Find out why we love this book, discover what inspired the story, see some early sketches and learn about the creative process behind bringing the countryside so vividly to life...
We’re kicking off a two-week tour for The Happy Hedgerow today and we’re very excited! I first saw this book back in May and have been looking forward to sharing it ever since. Rows of bushes, plants and trees that separate fields, hedgerows are the largest natural habitat in Ireland and the UK, and essential to the ecosystem.
This is the story of Old Oak, a tree who cheerfully provides shelter to many plants, wild animals, insects and birds, nestled within a busy hedgerow. Across the field is his friend Old Beech, amidst another hedgerow. When a farmer takes a bulldozer to Old Beech’s hedgerow, and destroys it, the environment changes drastically. The field is bare on one side, offering less protection against the elements, and leaving it and its inhabitants more vulnerable to the changing seasons. Will harmony be restored, or has it been lost forever?
Old Oak is such an endearing character whose compassionate personality is fitting for an ancient tree. It’s fantastic how positive he remains despite being subjected to so much adversity. Author Elena Mannion manages to turn a tree into a convincing and compelling protagonist. She writes eloquently and gently with charming details such as Old Oak’s leaves standing on end when he is frightened.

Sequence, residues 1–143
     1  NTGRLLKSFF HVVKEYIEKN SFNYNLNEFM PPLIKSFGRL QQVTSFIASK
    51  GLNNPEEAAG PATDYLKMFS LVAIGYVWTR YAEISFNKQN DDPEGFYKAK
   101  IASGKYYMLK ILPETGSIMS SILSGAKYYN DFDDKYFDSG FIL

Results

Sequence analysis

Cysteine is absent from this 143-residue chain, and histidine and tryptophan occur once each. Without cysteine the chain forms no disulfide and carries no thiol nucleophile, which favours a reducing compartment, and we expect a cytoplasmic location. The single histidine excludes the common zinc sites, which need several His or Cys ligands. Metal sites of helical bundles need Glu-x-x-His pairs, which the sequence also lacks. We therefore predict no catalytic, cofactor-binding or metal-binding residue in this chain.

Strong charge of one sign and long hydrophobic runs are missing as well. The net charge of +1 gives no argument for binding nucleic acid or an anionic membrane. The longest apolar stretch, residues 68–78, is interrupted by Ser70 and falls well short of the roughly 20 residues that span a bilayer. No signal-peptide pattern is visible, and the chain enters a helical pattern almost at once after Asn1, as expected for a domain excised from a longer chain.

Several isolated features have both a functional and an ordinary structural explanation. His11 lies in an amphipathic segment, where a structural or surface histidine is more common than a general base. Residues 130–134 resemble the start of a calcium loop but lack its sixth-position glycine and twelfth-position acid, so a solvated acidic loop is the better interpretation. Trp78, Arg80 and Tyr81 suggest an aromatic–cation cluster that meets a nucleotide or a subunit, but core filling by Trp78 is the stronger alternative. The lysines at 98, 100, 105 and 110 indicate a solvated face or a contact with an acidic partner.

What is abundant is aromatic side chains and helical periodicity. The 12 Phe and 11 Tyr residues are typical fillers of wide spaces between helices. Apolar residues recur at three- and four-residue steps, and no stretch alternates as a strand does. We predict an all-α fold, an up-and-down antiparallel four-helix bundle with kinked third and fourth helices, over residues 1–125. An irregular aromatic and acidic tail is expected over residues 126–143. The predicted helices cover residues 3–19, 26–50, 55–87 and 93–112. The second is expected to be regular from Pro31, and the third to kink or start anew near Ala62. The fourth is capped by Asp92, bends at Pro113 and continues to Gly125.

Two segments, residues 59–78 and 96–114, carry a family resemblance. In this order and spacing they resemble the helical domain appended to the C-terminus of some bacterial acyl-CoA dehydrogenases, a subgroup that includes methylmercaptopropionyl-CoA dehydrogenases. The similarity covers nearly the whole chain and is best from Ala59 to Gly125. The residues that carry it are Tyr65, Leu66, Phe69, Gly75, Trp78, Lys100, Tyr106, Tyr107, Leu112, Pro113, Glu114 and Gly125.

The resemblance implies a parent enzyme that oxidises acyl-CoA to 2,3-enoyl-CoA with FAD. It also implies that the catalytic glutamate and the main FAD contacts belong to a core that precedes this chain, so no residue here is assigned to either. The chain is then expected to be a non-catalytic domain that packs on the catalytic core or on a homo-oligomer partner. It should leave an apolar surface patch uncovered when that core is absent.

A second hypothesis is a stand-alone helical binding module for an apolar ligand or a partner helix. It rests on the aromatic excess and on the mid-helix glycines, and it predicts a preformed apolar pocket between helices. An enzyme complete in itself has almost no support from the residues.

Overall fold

Erin Brown’s illustrations are stunning, contribute to the book’s cosiness, and help to give it a timeless quality. I love how intricate and atmospheric each image is, recalling favourites from my own childhood such as Beatrix Potter and Brambly Hedge. We see so much wildlife, from tiny butterflies to several different species of birds. Some of my favourite scenes feature animals in their burrows; there is even a pair of snails looking snug underground.
The countryside is so realistic, with all the branches clearly visible in winter and lots of animals showing accurately how a hedgerow looks at different times of the year. It’s brilliant how the story shows the changing seasons and their influence on the landscape. We learn how crucial hedgerows are in a subtle and engaging way. My girls (aged four and six) adore poring over the illustrations and discussing the altered circumstances for Old Oak and his friends.